Fed Printing – It’s All About The Banks

In an investment environment where companies must show compounding earnings each successive quarter, without the Fed and Helicopter Ben printing money the banks would be is serious trouble.  Here’s why:

In the past 5 years banks have made money in the following ways:

1)  Borrow short, lend long.  As long as the banks’ cost of credit is virtually zero, they make money on the spread.  In 2008, 30 year mortgages were initiated at 5-6% interest, now they are initiating at 3-4%. Each successive quarter, banks are earning less on performing mortgages but the spread is still positive and they are making up the difference on mortgage origination fees.

2)  Proprietary trading.  Since 2008, the stock market has more than doubled and been quite volatile to boot.  The Dodd-Frank legislation provisions regarding proprietary trading have not yet hindered banks from making large profits buying, holding, and also trading volatility.   Derivatives have, for the most part, worked in their favor.

3)  Holding treasuries and other credit instruments.  As long as credit yields are trending downward, banks make money on the credit instruments they hold on their books (the market value of existing obligations go up as yields go down).

4) Releasing loan loss reserves.  As long as the economy looks like it’s improving, banks are permitted to take into income a portion of the allowance for bad debts they accrued in 2008.  (This has been a huge contributor to bank earnings over the past 5 years.)

5) Mergers, acquisitions, and IPOs.  When the economy is stable, banks make huge fees structuring and underwriting deals.  While this revenue is nowhere near what was made in the heyday of the 80s and 90s, it is still a factor in the overall profitability of a bank.

Without Central Bank intervention, most (if not all) of the above would not just lessen but reverse!  Let’s see how:

1) Borrow short, lend long.  Without Central Bank intervention, interest rates would find their true, risk adjusted value.  People who locked in 3-4% loans for long periods of time would count themselves lucky, while banks would take a hit on the spread.  Indeed, even with Central Bank intervention, banks will not make as much in this category as they have historically, due to the lower zero bound, where interest rates simply cannot go any lower.  From here on out, without Central Bank intervention, the risk of yield curve inversion is quite high.  Also, when interest rates begin to creep up, refinancing dries up and with it the fat origination fees the banks have gotten used to  (Just last week new mortgage applications were down 7% as interest rates have been trending sharply higher in the past month).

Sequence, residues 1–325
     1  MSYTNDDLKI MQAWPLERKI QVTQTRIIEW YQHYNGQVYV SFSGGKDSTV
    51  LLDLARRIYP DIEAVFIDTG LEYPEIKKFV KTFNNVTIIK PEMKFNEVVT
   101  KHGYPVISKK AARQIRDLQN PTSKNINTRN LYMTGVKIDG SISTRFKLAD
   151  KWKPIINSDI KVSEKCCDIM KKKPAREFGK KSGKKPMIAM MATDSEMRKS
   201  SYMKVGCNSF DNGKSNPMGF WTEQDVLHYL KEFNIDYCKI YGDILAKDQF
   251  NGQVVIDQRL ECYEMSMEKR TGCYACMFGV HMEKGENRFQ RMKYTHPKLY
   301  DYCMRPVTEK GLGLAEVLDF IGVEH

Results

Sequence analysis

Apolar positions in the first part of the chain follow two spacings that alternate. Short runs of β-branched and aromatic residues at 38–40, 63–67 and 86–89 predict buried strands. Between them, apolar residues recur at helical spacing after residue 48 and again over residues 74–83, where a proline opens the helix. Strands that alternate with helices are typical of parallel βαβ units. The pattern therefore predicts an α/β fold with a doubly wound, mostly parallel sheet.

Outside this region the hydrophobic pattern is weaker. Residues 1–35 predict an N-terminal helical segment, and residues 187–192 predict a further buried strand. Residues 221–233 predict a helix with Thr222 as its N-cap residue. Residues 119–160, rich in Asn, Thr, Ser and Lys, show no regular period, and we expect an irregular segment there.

2)  Proprietary trading.  As JPM’s $5 billion derivatives “hiccup” proved, banks don’t do well on these type of investments when the worm turns (especially if it turns quickly and they are on the wrong side of the trade).  The “new normal” cited by Bill Gross of PIMCO, is death to a bank’s prop trading profits.  There must be volatility, preferably to the upside, for banks to continue to make as much money as they have in the past.  Without the hopium provided by Central Bank intervention, the risk is to the downside.

3)  Holding treasuries and other credit instruments.  Interest rates must be held down or the credit instruments the banks hold will go down in value.  While the banks no longer have to mark these instrument to market, they have counted on price appreciation to accrete earnings.  (As a corollary, banks don’t lend as readily when interest rates are rising.  If they do, it’s at variable rather than fixed rates.  This in turn hurts the recovery as both the cost and availability of credit goes down.)

4) Releasing loan loss reserves.  Without Central Bank intervention, all hope for growth in the economy and new jobs (justification for releasing reserves) would evaporate.  Not only would banks not be able to release additional loan losses as profit, but they would very probably have to initiate an increase to their loan loss reserves, which would be a drag on profits.

5)  Mergers, Acquisitions and IPOs.  Fees would dry up virtually overnight.  Nobody does deals when the economy isn’t growing.


In short, it’s really all about the banks.  The Fed has to keep the banks liquid and profitable at any cost.  So far, just the promise of future easing has kept the hounds at bay.  Soon, however, it will require real infusions of liquidity to keep interest rates moving downward and the stock markets moving upwards.  Without it the banks are, in a word, screwed.


1 comment to Fed Printing – It’s All About The Banks

  • jerry thielmann

    I still havnt gotten the hat I ordered and paid for on July 25, 2012.

    Not a good way to do business.


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